http://www.bikebandit.com/oem-parts/2002-honda-super-blackbird-cbr1100xx/o/m151273#sch88174

Mite try this I like the concept ..


And Welcome KRS ...

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My 2002 VFR suffered from the usual VFR problems of snatchy throttle off idle to 5000 rpm and the the incredibly annoying lean stumble at 4500 rpm. The solution, swap out the stock 36psi fuel pressure regulator with a 42psi regulator from a 2000 Honda Blackbird. It's an easy swap, less than two hours, just remove the air box to gain access. The bike is now a joy to ride below 5000 rpm. Totally transformed.

I ordered the regulator though Bikebandits.com (591149 part #).

Welcome to the forum and starting out with a share right off the bat!!! Alright! Thanks for the info...

where did the 42 psi value for the BB come from, is this confirmed? That is almost right where I calculated I want to be... just slightly more.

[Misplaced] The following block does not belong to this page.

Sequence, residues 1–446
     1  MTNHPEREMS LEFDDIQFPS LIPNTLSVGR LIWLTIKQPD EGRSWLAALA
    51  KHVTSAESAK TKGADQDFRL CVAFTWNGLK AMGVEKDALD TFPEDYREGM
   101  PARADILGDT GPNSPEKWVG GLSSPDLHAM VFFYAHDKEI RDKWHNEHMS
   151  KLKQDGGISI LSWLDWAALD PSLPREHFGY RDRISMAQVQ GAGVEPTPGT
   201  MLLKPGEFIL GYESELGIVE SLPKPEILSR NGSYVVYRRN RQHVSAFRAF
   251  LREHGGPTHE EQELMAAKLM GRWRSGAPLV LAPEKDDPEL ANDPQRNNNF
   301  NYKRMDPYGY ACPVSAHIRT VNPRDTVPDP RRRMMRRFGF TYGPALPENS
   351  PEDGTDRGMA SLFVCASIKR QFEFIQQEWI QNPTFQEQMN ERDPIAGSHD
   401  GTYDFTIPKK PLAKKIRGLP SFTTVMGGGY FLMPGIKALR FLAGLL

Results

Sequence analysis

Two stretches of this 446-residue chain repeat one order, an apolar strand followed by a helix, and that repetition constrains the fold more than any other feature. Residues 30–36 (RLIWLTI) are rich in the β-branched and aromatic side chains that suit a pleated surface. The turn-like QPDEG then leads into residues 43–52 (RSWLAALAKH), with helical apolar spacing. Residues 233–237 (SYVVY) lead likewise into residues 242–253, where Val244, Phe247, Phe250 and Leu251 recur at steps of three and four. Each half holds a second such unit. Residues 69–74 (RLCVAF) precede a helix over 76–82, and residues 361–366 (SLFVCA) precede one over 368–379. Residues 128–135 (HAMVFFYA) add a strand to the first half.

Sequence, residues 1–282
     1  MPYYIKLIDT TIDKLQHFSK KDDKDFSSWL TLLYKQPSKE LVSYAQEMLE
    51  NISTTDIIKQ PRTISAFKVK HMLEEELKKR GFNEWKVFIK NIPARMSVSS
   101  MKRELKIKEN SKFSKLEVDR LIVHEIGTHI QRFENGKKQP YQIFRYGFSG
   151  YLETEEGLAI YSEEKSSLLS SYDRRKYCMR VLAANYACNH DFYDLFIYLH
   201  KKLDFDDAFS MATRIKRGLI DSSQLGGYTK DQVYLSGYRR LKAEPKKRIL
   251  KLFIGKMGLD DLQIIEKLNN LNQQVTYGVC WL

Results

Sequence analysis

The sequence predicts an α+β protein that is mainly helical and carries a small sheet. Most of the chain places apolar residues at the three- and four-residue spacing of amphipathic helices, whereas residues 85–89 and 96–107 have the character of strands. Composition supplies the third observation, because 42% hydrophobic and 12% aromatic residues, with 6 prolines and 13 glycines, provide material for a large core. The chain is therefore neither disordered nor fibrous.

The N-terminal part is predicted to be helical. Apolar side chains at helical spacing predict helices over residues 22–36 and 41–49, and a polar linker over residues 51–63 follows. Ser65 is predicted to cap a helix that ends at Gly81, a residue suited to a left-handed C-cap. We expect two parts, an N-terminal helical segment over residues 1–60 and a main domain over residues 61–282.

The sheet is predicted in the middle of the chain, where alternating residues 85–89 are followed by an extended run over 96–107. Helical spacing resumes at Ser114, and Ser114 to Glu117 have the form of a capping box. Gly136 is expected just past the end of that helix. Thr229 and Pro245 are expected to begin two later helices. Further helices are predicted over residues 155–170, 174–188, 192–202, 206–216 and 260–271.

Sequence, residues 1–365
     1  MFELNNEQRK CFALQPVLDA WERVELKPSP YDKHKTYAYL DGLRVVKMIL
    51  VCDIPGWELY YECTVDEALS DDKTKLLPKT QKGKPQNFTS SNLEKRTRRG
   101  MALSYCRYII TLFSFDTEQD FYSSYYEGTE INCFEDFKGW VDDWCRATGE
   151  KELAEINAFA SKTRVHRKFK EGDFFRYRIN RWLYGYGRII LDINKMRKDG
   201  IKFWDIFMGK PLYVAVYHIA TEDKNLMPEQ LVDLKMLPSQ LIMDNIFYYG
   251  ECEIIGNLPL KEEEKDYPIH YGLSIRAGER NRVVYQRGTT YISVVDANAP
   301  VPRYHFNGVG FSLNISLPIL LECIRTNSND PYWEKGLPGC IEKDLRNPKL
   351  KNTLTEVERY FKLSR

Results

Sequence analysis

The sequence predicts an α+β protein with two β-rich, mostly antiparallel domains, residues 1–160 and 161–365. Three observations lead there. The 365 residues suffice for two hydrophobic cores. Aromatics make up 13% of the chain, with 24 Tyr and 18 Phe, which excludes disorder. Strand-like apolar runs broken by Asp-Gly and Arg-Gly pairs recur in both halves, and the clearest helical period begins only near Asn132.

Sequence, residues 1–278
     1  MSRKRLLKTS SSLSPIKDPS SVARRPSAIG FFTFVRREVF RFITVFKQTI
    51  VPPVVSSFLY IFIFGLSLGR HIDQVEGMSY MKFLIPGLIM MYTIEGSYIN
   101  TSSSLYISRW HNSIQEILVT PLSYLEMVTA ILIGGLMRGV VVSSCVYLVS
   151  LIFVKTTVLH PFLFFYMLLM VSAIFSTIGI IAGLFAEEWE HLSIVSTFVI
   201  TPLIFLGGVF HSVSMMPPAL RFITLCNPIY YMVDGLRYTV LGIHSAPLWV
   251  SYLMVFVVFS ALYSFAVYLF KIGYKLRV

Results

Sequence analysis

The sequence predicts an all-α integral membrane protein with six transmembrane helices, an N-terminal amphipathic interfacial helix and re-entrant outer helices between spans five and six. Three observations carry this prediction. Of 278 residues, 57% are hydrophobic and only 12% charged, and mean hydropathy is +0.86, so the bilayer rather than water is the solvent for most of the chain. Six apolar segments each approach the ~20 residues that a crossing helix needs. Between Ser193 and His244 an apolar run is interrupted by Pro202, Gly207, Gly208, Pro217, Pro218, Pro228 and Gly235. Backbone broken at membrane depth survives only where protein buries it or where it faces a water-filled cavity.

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My 2002 VFR suffered from the usual VFR problems of snatchy throttle off idle to 5000 rpm and the the incredibly annoying lean stumble at 4500 rpm. The solution, swap out the stock 36psi fuel pressure regulator with a 42psi regulator from a 2000 Honda Blackbird. It's an easy swap, less than two hours, just remove the air box to gain access. The bike is now a joy to ride below 5000 rpm. Totally transformed.

I ordered the regulator though Bikebandits.com (591149 part #).

Welcome to the forum and starting out with a share right off the bat!!! Alright! Thanks for the info...

where did the 42 psi value for the BB come from, is this confirmed? That is almost right where I calculated I want to be... just slightly more.

I researched on the internet and my friend who is a Honda Motorcycle tech also researched it. Between the two of us this is what we found works. Simple and cheap.